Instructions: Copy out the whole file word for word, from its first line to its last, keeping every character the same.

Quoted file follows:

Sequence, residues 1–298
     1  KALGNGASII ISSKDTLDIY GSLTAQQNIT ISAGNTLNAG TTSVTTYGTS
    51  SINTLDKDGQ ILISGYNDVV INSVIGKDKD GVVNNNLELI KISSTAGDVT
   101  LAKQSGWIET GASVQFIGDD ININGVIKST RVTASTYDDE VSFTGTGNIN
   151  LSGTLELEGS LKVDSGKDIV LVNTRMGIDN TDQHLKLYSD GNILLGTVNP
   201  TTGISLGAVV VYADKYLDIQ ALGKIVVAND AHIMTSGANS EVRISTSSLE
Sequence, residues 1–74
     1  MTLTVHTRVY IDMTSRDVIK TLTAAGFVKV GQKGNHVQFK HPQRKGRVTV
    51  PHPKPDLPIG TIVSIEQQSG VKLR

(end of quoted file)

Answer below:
Sequence, residues 1–298
     1  KALGNGASII ISSKDTLDIY GSLTAQQNIT ISAGNTLNAG TTSVTTYGTS
    51  SINTLDKDGQ ILISGYNDVV INSVIGKDKD GVVNNNLELI KISSTAGDVT
   101  LAKQSGWIET GASVQFIGDD ININGVIKST RVTASTYDDE VSFTGTGNIN
   151  LSGTLELEGS LKVDSGKDIV LVNTRMGIDN TDQHLKLYSD GNILLGTVNP
   201  TTGISLGAVV VYADKYLDIQ ALGKIVVAND AHIMTSGANS EVRISTSSLE
Sequence, residues 1–74
     1  MTLTVHTRVY IDMTSRDVIK TLTAAGFVKV GQKGNHVQFK HPQRKGRVTV
    51  PHPKPDLPIG TIVSIEQQSG VKLR